Cornered is a video installation that represents the motivation and struggles of migrants leaving their home country and making an attempt, most often failed, to cross the border from Morocco to the Spanish cities of Melilla and Ceuta, the only European cities on Africa’s mainland.
The visual imagery focuses on the ambitions and struggles of the migrants, from the journey from their home country to the many attempts to enter Spain, and the frustration of the perpetual effort to reach their dream — the dream of a better life for their families.
Part sculpture, part light installation and video animation, Cornered is an immersive visual experience that represents the motivation and struggles of migrants leaving their home country and making an attempt, most often failed, to cross the border from Morocco to the Spanish cities of Melilla and Ceuta, the only European cities on Africa’s mainland.
The installation projects an original dance performance interlaced with stylized visuals on an intricately patterned and light-filled structure, which reminisces a carved Moroccan table, covered on top by a screened dome. The interior of the structure contains a short-throw projector, with the dome as a rear-projection screen. The visuals and the original scores are experienced by walking around the structure, immersing the viewer in the light patterns that emanate from it to cover floors and surrounding walls.
The visual imagery focuses on the ambitions and struggles of the migrants, from the journey from their home country to the many attempts to enter Spain, and the frustration of the perpetual effort to reach their destination. The visual style of the video projection is based on art from countries where the migration via Morocco often originates (Cameroon, Nigeria, Senegal, Mali to name a few). The color palette focuses on black silhouettes that are faceless placeholders for the many human beings in a similar situation. These silhouettes represent the darkness and frustration of the journey and at the same time reflect the physical beauty and skilled craftsmanship of the African people, some of whom use black to symbolize wisdom. The black figures are contrasted by incorporating vibrant colors that are familiar from African fabrics, patterns, and paintings.
The video combines real footage and animation, and the projection scale varies by using different numbers of screens (the dome is framed with triangles). Sometimes, only one animation covers the entire projection surface. Other times, the multi-video utilizes each individual facet or just a few at a time. While the projection is playing, the light from numerous LEDs shines through the structure to paint the walls around the viewer with geometric light patterns. In this way, the installation inhabits the entire space it occupies.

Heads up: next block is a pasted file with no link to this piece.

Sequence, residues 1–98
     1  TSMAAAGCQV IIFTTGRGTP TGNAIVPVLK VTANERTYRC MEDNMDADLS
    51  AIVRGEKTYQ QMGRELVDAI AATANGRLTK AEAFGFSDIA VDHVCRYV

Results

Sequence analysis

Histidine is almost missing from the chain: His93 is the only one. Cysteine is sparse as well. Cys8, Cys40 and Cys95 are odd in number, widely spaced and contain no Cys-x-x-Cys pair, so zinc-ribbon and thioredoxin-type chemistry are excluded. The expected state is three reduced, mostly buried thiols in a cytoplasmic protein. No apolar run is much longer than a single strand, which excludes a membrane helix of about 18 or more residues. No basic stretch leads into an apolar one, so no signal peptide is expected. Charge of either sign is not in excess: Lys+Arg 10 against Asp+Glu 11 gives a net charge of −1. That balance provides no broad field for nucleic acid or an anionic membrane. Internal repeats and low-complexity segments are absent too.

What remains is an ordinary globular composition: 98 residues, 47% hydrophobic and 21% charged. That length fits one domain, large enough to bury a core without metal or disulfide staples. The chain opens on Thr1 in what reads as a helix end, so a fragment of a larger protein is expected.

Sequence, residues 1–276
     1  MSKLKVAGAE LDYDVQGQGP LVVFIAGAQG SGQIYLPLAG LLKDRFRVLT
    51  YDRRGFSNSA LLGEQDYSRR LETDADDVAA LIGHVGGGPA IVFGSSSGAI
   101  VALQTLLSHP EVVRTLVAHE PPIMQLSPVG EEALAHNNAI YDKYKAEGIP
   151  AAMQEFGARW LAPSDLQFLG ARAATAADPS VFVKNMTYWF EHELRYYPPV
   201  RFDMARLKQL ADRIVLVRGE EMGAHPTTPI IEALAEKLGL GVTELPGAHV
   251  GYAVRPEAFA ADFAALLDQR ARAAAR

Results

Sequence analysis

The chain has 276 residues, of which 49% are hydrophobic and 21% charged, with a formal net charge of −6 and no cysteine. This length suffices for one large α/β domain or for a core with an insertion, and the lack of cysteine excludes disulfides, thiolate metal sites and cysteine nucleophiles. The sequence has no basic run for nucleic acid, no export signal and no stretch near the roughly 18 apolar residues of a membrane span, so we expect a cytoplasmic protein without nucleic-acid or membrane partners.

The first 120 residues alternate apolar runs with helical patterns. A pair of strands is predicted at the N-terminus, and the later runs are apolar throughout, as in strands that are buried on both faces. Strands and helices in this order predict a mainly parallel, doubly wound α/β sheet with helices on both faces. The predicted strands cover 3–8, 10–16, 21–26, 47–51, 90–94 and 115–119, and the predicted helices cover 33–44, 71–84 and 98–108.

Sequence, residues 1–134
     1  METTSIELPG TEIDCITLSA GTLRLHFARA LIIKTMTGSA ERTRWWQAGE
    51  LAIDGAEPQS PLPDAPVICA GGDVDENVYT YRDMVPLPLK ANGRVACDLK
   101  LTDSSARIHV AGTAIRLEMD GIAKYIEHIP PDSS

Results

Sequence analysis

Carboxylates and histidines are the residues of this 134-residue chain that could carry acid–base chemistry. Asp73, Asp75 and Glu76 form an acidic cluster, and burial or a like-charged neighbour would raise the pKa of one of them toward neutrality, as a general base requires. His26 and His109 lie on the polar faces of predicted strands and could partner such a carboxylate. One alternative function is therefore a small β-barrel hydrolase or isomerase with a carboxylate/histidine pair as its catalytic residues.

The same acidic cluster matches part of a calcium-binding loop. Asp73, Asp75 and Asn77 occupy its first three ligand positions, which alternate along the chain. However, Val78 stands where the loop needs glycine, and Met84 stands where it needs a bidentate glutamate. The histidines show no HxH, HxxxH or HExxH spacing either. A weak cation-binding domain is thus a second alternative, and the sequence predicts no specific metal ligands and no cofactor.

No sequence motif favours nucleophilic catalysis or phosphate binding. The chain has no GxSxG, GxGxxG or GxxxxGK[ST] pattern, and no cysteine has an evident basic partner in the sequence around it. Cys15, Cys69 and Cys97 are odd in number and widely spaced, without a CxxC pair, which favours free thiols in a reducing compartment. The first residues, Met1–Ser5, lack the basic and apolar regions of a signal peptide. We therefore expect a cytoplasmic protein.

Jonathan Henderson and his music group Diali Cissokho & Kaira Ba composed the musical score for the installation. Jonathan is a North Carolina-based multi-instrumentalist, composer, and producer currently pursuing a Ph.D. in ethnomusicology at Duke University. Diali Cissokho & Kaira Ba’s music is steeped in ancient West African griot traditions but propelled into the 21st century by the modernizing impulses of a rock band format.
Cornered creates an ambivalent atmosphere of frustration and hope. Through the video with dancers that are separated from identity and the audio with the emotion of Diali’s voice that is not translated from his native Wolof, Cornered provides an emotional perspective on the migratory issue, leaving the viewer with an impression of determination, deliberateness, and desperation. The intensity and mood of the audio track and the video rise and fall, reflecting the back and forth between emotional highs and lows, and the 8-minute animation then repeats itself, further mirroring the repeated failed attempts to cross the border.